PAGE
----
Hunting the Steinbeck Vineyards in California, it was impossible not to try the different variety of grapes hanging on the half a million vines lining the hills. Each variation of green and purple grape had its unique flavor. The deer targeted the tender leaves and grew fat on the canopy that green cover, especially on the younger vines.
I harvested my first California black-tailed deer with a Mossberg Patriot MVP-LR between two rows of young grapevines, and couldn’t help but think there was much more to the vineyard than just grapes. The venison and grape leaves seemed to be a perfect pairing.
My mother-in-law rejoices at the mention of using the grape leaves and immediately went to work, showing us how to make dolmades, which are similar to a cabbage roll, with unique and distinct tastes and texture. I dream of harvesting another vineyard buck and pairing it with grape leaves to make more dolmades.
If you have grapes growing close, you’ll want to harvest some of the leaves, and pair them with some local venison to make dolmades that will have you wondering what type of wine to serve with the hearty yet dainty rolls.
• 30-50 fresh, young, tender grape leaves
• 1 lb. ground venison
• 2 medium tomatoes, seeded and finely chopped
• 3 large garlic cloves, minced
• ½ medium onion, minced
• ¾ cup arborio rice
• 2 tablespoons olive oil
• 1 teaspoon salt
• ½ teaspoon pepper
• ¾ teaspoon cinnamon
• ½ teaspoon cumin
• ½ teaspoon allspice
• 1 large potato
• 1 teaspoon lemon zest + juice of 2 lemons
• Approximately 2 cups chicken broth (depending on the size of pot used)
1. Wash grape leaves. Boil a kettle of water and blanch the leaves by pouring the hot water over the leaves in the sink with the stopper in to submerge the leaves. Repeat if necessary, to ensure all leaves are covered. Stir the leaves in the sink so that all parts get blanched; the leaves will turn from green to brown. Remove leaves and let them drain and cool in a sieve. Once cool, sort the leaves into piles by size.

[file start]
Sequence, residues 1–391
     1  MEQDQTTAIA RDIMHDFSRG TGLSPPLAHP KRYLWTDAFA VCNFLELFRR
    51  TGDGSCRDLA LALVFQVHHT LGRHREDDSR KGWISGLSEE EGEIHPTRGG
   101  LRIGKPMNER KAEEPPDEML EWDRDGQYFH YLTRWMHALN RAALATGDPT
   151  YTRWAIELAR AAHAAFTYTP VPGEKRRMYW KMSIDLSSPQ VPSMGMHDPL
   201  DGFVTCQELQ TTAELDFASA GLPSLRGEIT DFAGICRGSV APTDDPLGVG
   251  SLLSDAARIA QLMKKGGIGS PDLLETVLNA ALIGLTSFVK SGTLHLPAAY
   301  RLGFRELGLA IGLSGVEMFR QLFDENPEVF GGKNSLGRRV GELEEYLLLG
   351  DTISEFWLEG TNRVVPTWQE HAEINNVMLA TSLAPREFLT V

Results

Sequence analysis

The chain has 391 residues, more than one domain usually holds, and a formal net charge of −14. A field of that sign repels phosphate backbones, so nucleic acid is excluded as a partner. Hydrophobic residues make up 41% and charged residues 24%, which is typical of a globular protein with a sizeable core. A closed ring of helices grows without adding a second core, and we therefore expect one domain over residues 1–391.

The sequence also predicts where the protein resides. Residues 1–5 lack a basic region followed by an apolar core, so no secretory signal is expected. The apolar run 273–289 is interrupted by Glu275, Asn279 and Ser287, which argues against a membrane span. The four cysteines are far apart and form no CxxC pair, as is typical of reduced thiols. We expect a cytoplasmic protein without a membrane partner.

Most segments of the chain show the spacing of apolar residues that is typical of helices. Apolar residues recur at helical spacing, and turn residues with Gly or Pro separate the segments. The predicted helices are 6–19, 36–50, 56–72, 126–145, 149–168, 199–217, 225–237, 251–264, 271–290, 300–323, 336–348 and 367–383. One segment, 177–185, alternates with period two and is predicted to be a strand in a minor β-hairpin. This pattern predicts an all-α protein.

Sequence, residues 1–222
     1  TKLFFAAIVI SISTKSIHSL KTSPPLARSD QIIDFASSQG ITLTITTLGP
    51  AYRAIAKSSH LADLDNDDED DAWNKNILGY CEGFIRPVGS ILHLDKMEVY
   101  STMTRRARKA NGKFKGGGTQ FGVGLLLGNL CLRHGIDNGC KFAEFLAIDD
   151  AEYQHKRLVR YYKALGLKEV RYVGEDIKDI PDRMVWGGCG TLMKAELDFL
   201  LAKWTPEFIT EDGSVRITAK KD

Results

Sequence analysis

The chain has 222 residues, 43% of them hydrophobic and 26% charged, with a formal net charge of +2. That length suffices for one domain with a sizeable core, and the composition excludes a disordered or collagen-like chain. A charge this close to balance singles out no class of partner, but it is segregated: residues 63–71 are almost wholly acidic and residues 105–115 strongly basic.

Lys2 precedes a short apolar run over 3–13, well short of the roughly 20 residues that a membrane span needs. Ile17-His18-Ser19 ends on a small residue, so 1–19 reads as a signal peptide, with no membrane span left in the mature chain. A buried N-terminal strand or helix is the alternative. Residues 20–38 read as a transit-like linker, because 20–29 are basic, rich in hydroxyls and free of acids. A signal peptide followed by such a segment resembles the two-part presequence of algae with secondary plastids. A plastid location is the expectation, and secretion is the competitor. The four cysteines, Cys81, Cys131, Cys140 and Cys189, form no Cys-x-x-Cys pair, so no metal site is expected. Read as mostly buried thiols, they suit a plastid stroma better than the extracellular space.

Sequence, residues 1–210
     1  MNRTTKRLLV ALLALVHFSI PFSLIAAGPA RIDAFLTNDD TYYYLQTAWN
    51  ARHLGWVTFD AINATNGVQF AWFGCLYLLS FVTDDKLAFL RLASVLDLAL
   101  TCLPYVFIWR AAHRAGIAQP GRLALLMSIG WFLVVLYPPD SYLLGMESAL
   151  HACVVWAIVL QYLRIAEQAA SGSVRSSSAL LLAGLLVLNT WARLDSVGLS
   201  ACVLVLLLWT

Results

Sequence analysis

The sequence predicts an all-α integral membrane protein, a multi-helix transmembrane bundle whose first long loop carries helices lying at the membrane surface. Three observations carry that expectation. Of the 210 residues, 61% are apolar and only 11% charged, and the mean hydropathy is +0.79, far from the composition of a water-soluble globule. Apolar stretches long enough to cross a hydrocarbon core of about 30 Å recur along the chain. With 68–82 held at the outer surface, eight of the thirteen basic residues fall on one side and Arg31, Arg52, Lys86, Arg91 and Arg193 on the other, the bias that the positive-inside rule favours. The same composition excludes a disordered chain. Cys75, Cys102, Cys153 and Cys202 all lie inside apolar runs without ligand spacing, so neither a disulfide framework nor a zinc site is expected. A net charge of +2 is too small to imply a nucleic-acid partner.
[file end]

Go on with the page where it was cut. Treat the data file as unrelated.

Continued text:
2. Using your hands, gently mix the meat, tomatoes, garlic, onion, rice, oil, spices and lemon zest in a bowl.
3. Slice the potato into half-inch slices and arrange them in a single layer in the bottom of a large pot. You may have to cut some of the slices to fill any large voids, as this is where the dolmades will rest upon when cooking. The dolmades shouldn’t touch the bottom of the pot.
4. Take one grape leaf and place it good side down (with the underside of the leaf facing up) on your work surface. Place approximately one tablespoon of the meat mixture near the base of the leaf, then roll up tightly beginning at the base, and fold in the sides of the leaf as you go. Pinch off any tough mature stems if necessary. Place the roll seam side down in the pot on top of the potato slices. Repeat until you run out of filling, packing the dolmades in layers.
5. Position a plate that is small enough to fit in the pot but large enough to cover the dolmades over top of the contents in the pot, and put one or two rocks, preferably from the vineyard (previously washed in boiling water), on top of the plate to weigh it down (or use any other heavy object that would fit in the pot with the lid on). The weight keeps the dolmades from floating and moving around.
6. Pour the lemon juice around the plate and over the dolmades and do the same with the broth until the dolmades are almost covered. Put the lid on and bring to a boil. Reduce heat to a gentle simmer and cook until the rice is done, about 20 minutes, or as directed on the rice packaging.
7. Serve warm with a hefty drizzle of olive oil and fresh lemon juice.
*Pro Tip: Use the potatoes and rich dolmades broth as a base for a quick soup.
For more delicious wild-game recipes, click here.